So, as I’ve mentioned before, a big part of this project is about the conversations we have when we are busy making things. I have ideas about this from my experiences of working with groups but I’m trying very hard not to prejudge, but to listen and record what actually happens.
To help with the research and development stage I’m in at the moment, I sent a message out to people on my mailing list asking if anyone would be willing to bring a craft activity, anything that kept their hands and brains busy but meant they were able to talk at the same time, to my house for an hour, and have their conversations recorded, in return for tea and cake.
A huge thank you to Lisa, Peter, Bryony and Gina for coming along and taking part. The session went really well, even though some of my preconceptions didn’t play out over the hour or so we were making together, it was still a very interesting and useful thing to do. Here’s my main thoughts:
- The people who came self-selected from the email I sent out and as a result were pretty socially confident and very chatty, even though most of them didn’t know each other.
- Most brought knitting to do so I think found it a little easier to talk than I did whilst curve stitching. I kept going wrong trying to keep up with them! As a result there were not as many gaps and pauses as I expected.
- We talked a bit about how it felt when we were making and taking compared to the conversation when everyone arrived and I was sorting out tea and cake. This group found not making eye contact a bit tricky and found they stopped making sometimes so that they could look at each other when talking.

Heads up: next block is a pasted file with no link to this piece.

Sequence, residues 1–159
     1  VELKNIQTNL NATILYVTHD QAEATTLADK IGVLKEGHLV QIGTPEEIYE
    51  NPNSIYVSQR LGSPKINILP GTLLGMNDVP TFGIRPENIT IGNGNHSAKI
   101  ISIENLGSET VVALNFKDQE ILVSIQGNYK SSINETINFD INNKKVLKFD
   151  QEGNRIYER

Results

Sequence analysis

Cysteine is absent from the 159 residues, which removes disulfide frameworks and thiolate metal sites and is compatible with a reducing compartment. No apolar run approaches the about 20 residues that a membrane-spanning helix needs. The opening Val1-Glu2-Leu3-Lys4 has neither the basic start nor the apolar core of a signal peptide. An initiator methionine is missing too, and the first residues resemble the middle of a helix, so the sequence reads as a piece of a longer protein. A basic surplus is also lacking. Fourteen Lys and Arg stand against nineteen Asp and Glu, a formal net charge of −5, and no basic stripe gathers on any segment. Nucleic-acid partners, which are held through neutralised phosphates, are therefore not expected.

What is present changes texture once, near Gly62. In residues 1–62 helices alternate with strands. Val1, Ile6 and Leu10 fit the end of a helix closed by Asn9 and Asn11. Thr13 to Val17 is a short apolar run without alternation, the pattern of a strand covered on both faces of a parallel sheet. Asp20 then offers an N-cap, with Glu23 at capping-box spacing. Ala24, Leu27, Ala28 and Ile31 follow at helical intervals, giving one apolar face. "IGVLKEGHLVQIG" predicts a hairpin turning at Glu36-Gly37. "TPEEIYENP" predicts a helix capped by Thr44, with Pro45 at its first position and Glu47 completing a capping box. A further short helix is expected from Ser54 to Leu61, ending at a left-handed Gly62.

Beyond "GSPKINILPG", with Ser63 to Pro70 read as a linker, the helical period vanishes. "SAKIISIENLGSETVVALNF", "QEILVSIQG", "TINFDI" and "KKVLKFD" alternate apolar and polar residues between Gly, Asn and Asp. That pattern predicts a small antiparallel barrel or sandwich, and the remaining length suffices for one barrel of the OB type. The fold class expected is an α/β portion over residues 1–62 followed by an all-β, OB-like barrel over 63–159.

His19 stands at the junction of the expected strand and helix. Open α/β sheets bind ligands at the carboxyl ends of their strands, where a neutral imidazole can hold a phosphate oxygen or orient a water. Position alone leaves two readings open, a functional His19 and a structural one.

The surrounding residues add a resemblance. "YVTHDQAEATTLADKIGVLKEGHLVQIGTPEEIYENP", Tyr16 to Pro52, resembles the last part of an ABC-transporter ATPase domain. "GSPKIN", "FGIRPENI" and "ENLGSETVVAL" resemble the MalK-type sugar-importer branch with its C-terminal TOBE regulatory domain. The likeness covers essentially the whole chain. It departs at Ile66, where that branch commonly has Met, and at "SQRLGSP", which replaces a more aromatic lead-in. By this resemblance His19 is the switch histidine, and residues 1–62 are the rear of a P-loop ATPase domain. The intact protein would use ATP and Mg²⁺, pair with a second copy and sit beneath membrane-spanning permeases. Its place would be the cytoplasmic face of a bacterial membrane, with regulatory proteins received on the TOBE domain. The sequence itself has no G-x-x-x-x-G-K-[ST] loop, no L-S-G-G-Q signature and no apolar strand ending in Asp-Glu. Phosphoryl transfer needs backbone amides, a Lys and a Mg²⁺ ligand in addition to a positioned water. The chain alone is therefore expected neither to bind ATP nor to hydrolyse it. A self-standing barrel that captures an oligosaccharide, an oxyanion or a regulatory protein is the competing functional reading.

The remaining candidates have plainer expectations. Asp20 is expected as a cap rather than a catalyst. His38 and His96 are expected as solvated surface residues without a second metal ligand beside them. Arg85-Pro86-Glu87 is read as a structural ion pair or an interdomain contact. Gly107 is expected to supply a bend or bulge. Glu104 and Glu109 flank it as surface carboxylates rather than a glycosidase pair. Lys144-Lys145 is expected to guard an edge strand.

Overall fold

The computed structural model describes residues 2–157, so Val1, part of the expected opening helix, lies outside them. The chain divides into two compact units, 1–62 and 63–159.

- Only one conversation took place when we were making, whereas before the group quickly split into 2 x 2’s having different conversations. The group said they felt a sense of cohesion from working together, even though we were all working on different things, and that it was a much more calming conversation than what went before.
- There weren’t any particularly deep or meaningful conversations, none of the content stuck out especially, but we did only spend one hour together.
- I think the representation of the conversations in the final exhibition may have some focus on how we speak and how it feels to talk while we work. I’m thinking that it will be a good idea to talk to participants about their experience of talking while making, as well as recording the conversations themselves.
As an afterthought… I was at a cider making day at my friend’s house on Saturday and spent a large part of the day standing around a table in the back garden washing apples with about four other people. I didn’t know any of them very well but the process was very straightforward and quite relaxing and I noticed that we all felt quite comfortable not speaking for fairly long periods of time. So, there’s definitely something in it!